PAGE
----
The Mighty Viking

Conquering those things we must, one story at a time


On another hot summer day, long ago:

It was, in fact, a glorious day to be on a motorbike in the mountains of Oregon. I was feeling it all: the vibrance of spring, the joy of wind, the snarl of a V-Twin, the bright warmth of the returning sun. I was on my third day of wafting around behind the pleated skirts of the Great State of Oregon, hiding from strangers and seeking solitude. It had been a bit since I had smiled at anyone – nor indeed had someone to smile at – for quite some time. As tired of humanity as I had gotten over the previous months, I was in no hurry to re-engage.

Funny how Fate likes to pick at your scabs!

I saw my first person as I crested a rise on a two-lane country road. I didn‘t know her, but there she was, and I slowed the bike. Maybe it was the glazed look in her eye in the hot sun, or maybe that she was holding a big pole with a “SLOW” sign on one side, and “STOP” on the other. I realized with an inward smirk that Fate had decided I was gonna need a sign in order to be human again.

I have a habit, on the bike, of making eye contact and recognition to certain people on the road; Other drivers at intersections where they‘re stopped, forklift drivers at the mills I visit, and yep, flaggers.

They often nod at me, these people I see, so I assume it is a thing to do. I suppose it could have just started with some random tow-truck driver and a pernicious mosquito just up under the beard, misinterpreted as a gesture that just grew from assumption, but then again! Eye contact with another of your species is an awakening thing. Just one human to another, it is written deep within us to hear and speak through our eyes. And using this makes communication possible when voice is of no use.

But I‘m getting ahead of myself – back to the road!

So I looked this flagger in the eye, and nodded to her before moving through. As I did, I saw an unusual thing. The woman had been very preoccupied staring off past me seemingly. But as I nodded, she came back to the moment, and even managed a bit of a smile before I rumbled by.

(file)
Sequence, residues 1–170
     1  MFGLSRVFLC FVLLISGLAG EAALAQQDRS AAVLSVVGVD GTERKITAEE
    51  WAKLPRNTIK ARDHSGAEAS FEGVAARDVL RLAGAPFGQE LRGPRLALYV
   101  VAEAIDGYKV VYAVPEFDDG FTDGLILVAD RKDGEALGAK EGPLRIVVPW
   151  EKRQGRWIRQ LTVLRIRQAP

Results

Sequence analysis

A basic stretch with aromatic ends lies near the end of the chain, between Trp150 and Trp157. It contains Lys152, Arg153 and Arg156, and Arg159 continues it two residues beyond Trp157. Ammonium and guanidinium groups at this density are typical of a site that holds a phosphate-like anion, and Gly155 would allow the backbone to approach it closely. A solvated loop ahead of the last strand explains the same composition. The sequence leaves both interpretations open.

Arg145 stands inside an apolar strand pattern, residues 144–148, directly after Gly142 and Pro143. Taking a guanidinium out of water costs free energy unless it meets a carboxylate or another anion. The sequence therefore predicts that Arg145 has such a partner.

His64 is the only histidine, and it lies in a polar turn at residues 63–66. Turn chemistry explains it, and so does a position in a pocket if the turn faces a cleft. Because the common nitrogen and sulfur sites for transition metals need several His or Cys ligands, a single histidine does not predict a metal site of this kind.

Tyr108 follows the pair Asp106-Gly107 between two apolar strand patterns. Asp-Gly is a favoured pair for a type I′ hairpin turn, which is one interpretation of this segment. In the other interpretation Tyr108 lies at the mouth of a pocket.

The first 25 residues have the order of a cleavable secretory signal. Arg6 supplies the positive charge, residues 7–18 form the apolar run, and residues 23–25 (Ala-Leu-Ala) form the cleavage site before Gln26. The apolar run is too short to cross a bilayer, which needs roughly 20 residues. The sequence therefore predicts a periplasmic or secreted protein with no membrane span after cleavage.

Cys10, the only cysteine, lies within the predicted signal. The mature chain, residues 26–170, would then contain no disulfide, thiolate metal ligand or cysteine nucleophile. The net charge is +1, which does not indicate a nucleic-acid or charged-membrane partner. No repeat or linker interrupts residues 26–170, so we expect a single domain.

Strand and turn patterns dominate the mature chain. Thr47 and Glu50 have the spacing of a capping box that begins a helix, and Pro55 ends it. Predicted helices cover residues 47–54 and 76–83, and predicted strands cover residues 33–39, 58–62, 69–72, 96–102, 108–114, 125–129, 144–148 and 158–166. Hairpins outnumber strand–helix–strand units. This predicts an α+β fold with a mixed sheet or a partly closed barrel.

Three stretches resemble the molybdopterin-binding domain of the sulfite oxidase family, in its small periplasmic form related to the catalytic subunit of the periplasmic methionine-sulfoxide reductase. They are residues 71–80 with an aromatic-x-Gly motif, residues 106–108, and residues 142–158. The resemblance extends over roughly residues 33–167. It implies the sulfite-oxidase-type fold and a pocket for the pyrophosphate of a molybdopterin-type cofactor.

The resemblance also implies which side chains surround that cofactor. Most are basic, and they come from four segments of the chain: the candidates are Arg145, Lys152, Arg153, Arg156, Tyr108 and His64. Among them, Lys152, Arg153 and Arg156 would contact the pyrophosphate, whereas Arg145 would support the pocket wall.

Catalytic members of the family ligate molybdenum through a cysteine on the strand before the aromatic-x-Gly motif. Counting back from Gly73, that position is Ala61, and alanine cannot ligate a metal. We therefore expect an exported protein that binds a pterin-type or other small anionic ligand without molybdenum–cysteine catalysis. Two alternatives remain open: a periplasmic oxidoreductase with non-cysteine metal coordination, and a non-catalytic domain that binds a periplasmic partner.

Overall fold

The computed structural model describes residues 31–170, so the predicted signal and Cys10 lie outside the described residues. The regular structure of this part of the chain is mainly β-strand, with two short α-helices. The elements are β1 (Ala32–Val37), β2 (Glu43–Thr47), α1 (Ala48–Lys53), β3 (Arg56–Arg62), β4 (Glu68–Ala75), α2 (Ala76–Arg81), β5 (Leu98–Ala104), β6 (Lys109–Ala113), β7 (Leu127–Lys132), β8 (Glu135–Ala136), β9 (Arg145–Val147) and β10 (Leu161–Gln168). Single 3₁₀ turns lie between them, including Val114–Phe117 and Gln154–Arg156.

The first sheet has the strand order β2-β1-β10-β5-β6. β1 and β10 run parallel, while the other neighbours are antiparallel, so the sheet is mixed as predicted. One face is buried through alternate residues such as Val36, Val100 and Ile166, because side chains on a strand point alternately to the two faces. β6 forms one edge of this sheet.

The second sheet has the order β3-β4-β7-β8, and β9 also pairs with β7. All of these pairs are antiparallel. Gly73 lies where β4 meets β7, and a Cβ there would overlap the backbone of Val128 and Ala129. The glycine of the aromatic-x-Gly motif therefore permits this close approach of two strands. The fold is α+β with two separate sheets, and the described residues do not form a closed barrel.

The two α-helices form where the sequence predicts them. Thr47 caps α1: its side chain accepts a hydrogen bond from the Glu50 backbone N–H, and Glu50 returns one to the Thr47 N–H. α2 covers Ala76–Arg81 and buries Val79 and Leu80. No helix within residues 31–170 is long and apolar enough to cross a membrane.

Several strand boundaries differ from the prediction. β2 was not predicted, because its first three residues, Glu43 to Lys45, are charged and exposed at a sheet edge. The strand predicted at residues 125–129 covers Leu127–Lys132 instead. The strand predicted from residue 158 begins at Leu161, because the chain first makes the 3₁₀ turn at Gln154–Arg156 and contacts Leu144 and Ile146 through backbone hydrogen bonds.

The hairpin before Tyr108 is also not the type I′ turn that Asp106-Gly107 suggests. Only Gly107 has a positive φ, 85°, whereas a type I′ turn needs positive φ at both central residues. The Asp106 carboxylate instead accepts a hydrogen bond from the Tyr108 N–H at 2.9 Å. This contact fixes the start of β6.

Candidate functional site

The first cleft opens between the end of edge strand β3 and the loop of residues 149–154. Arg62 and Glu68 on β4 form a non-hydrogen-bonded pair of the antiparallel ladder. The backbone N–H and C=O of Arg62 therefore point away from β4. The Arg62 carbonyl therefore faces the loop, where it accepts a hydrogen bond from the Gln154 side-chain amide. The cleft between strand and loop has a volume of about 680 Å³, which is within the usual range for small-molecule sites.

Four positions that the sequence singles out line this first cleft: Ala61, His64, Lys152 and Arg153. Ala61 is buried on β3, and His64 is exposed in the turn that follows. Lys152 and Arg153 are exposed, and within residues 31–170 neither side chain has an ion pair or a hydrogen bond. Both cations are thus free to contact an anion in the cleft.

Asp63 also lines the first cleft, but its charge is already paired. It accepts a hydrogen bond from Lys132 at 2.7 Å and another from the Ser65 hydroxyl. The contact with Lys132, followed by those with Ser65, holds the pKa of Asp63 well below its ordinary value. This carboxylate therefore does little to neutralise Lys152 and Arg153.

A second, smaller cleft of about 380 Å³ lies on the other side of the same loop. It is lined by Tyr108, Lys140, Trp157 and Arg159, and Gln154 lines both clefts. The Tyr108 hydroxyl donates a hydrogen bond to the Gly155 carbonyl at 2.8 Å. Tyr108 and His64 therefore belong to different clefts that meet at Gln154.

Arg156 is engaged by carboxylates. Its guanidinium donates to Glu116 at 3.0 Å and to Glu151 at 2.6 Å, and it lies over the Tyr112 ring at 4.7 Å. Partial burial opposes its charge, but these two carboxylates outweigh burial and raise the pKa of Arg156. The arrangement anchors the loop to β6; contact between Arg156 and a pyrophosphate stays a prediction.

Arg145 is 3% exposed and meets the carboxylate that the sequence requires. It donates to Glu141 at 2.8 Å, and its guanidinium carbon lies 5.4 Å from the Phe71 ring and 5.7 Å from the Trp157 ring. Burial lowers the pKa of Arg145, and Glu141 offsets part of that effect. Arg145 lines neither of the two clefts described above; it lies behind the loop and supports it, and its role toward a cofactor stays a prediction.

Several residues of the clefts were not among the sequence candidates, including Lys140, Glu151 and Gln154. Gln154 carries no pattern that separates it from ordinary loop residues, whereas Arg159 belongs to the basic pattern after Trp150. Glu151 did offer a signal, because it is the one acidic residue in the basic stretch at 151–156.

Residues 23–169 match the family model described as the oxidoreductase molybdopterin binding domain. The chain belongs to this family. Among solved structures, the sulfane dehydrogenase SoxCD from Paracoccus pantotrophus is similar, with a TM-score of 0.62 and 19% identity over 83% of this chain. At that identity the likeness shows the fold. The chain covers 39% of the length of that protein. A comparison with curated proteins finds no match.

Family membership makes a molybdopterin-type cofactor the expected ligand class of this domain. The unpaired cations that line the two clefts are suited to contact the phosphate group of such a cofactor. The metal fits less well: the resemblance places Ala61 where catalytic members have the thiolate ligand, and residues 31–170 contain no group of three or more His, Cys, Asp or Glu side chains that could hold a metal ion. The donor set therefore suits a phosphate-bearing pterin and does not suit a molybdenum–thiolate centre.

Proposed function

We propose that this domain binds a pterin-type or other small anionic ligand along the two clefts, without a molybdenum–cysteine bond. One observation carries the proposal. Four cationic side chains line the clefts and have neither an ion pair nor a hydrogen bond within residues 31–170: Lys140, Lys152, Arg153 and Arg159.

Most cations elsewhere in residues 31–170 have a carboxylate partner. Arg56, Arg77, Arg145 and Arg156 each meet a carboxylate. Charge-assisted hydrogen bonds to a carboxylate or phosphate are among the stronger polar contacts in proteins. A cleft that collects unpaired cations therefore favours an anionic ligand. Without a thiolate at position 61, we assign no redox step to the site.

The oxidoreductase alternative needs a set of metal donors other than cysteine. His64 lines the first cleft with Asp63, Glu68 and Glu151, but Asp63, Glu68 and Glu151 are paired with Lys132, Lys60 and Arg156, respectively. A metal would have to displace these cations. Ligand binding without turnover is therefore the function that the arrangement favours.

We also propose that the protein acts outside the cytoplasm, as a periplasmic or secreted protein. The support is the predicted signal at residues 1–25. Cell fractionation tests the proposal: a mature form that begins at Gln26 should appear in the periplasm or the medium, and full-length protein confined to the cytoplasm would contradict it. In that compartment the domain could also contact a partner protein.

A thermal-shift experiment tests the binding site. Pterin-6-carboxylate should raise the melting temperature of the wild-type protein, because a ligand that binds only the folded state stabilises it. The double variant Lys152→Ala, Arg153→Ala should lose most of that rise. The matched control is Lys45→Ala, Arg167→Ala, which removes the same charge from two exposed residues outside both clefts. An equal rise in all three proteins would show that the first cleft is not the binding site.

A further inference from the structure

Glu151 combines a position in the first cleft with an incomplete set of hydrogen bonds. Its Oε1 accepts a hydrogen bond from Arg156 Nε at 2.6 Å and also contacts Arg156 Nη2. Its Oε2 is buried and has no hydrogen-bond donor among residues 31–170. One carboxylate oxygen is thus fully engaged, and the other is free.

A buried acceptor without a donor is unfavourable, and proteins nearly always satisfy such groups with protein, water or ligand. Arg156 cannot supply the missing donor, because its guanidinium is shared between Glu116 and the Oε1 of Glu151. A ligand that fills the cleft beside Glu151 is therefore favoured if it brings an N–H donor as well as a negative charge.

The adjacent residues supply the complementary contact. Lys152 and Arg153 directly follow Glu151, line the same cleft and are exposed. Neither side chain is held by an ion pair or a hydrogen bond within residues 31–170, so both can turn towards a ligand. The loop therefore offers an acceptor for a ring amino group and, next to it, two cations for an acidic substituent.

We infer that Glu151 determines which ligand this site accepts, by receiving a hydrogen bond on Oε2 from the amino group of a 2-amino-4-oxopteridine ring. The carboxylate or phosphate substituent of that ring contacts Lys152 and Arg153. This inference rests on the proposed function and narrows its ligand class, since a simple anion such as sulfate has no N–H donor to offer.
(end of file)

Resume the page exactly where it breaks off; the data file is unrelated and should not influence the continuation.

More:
And I was reminded of this crazy skill we have, and use all the time. And yet, somehow we don‘t know we have it. We don‘t even know when we‘re using it.

There is just something warming about friendly silent recognition. Not the false smiles of extended conversations, or strained polite smiles. Not the sappy, venomous smiles of the opportunist.

Nope, just the freely-offered recognition that respects the commonality of being human.

In places where people meet, and know each other inside their community, it seems more common to have some respect for each other‘s humanity, regardless of other differences. The speaker can simultaneously speak with voice, and listen with their eyes.

I thought about that moment for quite some time, all through the next day and then home. I thought how it‘s effect, practiced every day by more people with the ones they‘re around, how much stronger we could hold on to the weak amongst us, whose minds lose their clarity and wind up doing horrible things. Maybe there wouldn‘t be so many of those people pushed beyond what they can bear.

And perhaps this is what I do, as a biker, there with my bright red helmet with moon-eyes on it. I see you. I see you standing at the crosswalk, or on the side of the highway. If you need help, you know instinctively how to say so. I see you, driving a semi in the other direction, trying to stay awake and pay the bills. I see your children, oggling out the backseat windows at the spectacle that is a biker. I see you, standing by the excavator with a shovel, trying to survive the summer sun, dreaming before I was there of your own bike, and the thirsty look when you first lay ears on my engine. I see your life, within you, trying to shine.

I would tell you more if we talked maybe. But then again, maybe today you just need someone -anyone – say, “I see you.”

We are both human, you and I. I respect you as an equal human. Now we can start!


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